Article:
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Russell Simpson (actor)

From Wikipedia, the free encyclopedia

Russell Simpson
Simpson in 1923
Russell McCaskill Simpson

(1880-06-17)June 17, 1880
DiedDecember 12, 1959(1959-12-12) (aged 79)
Years active1914–1959
Gertrude Aller
(m. 1910)

Russell McCaskill Simpson (June 17, 1880 – December 12, 1959) was an American character actor.

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Early life

Russell Simpson was born on June 17, 1880 (other sources indicate 1877) in Danville, California.[1] He attended grammar school in the Danville District in Contra Costa County, California; he graduated on July 2, 1892.[2] At age 18, Simpson prospected for gold in Alaska. He began taking acting classes in Seattle, Washington.[3] He was married to Gertrude Aller from New York City on January 19, 1910. [4]


By 1909, he had gone into the theatre.[citation needed] He appeared in at least two plays on Broadway between 1909 and 1912,[5] and made his motion picture debut in Cecil B. DeMille's 1914 original film version of The Virginian in a bit part.[6] By 1923, when the film was remade, Simpson had progressed to playing the lead villain.[7]: 487 

Throughout his career, Simpson worked for 12 years in road shows, stock companies, and on Broadway.[8] Simpson didn't usually perform lead roles, but he did star in many movies throughout the silent movie era. He did perform a lead role as the grandfather in Out of the Dust (1920)[7]: 317  and the father in The First Auto (1927).

Russell (right) with Lionel Belmore and Laurette Taylor in Peg o' My Heart, 1922

Simpson is best known for his work in the films of John Ford[9]: 69, 184  and, in particular, for his portrayal of Pa Joad in The Grapes of Wrath in 1940.[10] He was known for his "grizzled old man" appearances.[11] Gaunt, lanky, and rustic-sounding, Simpson was a familiar character actor for almost forty-five years, particularly as a member of the John Ford Stock Company.[9]: 183  He worked up to 1959, the year of his death. His final film was The Horse Soldiers, his tenth film for Ford. Simpson was the president of the Overseas Phonograph Accessories Corporation.[12] He died on December 12, 1959, in Woodland Hills, California.[1] Simpson had appeared in over 500 movies throughout his life.[3]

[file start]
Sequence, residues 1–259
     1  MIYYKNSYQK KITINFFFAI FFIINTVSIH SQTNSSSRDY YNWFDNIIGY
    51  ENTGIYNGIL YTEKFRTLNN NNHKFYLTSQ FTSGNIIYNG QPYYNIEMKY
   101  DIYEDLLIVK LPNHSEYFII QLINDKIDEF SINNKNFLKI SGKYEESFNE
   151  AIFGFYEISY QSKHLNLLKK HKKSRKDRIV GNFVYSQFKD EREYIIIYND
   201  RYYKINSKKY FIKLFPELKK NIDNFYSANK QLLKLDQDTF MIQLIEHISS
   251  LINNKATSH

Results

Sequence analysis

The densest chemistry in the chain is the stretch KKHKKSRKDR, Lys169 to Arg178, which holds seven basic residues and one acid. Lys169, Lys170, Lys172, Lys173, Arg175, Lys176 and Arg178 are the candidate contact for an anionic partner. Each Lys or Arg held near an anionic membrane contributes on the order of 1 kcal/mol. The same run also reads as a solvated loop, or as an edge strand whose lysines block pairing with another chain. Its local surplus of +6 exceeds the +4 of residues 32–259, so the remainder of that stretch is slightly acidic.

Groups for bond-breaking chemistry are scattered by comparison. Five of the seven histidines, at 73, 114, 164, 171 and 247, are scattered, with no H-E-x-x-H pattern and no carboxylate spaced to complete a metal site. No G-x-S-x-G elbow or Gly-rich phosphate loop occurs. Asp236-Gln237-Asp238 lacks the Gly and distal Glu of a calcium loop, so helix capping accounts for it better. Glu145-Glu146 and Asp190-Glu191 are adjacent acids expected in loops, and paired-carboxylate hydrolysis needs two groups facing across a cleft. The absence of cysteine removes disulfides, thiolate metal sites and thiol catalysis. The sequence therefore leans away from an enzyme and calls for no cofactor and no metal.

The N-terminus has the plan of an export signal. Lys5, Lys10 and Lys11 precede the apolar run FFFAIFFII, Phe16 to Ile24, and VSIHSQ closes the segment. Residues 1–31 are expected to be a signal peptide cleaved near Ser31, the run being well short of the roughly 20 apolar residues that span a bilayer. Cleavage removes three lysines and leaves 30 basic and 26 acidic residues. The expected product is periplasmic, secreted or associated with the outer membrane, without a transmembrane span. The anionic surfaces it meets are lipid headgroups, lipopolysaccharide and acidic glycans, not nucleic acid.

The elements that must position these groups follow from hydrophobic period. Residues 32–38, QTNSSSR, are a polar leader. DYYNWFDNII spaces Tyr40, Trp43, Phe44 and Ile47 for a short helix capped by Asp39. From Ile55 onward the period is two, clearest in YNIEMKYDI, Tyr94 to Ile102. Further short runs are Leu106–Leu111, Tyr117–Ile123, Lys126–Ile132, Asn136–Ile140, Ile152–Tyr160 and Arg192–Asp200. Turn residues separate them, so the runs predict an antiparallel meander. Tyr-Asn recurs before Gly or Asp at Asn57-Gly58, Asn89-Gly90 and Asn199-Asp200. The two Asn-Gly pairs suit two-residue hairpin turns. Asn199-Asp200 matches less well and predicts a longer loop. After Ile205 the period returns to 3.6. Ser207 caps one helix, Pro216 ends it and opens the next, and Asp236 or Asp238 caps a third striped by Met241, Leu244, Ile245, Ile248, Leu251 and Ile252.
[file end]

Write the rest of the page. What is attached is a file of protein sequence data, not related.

Selected filmography


  1. ^ a b Ellenberger, Allan R. (May 2001). Celebrities in Los Angeles Cemeteries: A Directory. McFarland. p. 70. ISBN 9780786409839.
  2. ^ "Diploma" (July 2, 1892) [Print]. Russell Simpson Papers, Box: 1. Provo, Utah: L. Tom Perry Special Collections, Brigham Young University.
  3. ^ a b "Finding Aid for the Russell Simpson Papers, 1917–1942". Prepared for the Charles E. Young Research Library, Los Angeles, California. Retrieved July 15, 2016.
  4. ^ "License" (January 19, 1910) [Print]. Russell Simpson Papers, Box: 1. Provo, Utah: L. Tom Perry Special Collections, Brigham Young University.
  5. ^ "Russell Simpson Theatre Credits". Broadway World. wisdom Digital Media. Retrieved July 15, 2016.
  6. ^ Green, Paul (November 2009). A History of Television's The Virginian, 1962–1971. McFarland. p. 15. ISBN 9780786446803. Retrieved July 18, 2016.
  7. ^ a b Langman, Larry (October 1992). A Guide to Silent Westerns: (Bibliographies and Indexes in the Performing Arts). Greenwood. ISBN 9780313278587. Retrieved July 19, 2016.
  8. ^ "Scrapbook" [Print]. Russell Simpson Papers, Box: 1. Provo, Utah: L. Tom Perry Special Collections, Brigham Young University.
  9. ^ a b Harty Jr., John P. (September 2016). The Cinematic Challenge: Filming Colonial America: Volume 1: The Golden Age, 1930–1950. Langdon Street Press. ISBN 9781635051469. Retrieved July 15, 2016.
  10. ^ "The Grapes of Wrath". TCM. Retrieved July 15, 2016.
  11. ^ Liebman, Roy (August 2010). Vitaphone Films: A Catalogue of the Features and Shorts. McFarland. p. 384. ISBN 9780786446971. Retrieved July 18, 2016.
  12. ^ "The Theatres: "Out of The Dust" Eagle Next Sunday". Hamilton Evening Journal. January 15, 1925. Retrieved July 15, 2016.

External links

This page was last edited on 7 June 2023, at 14:11
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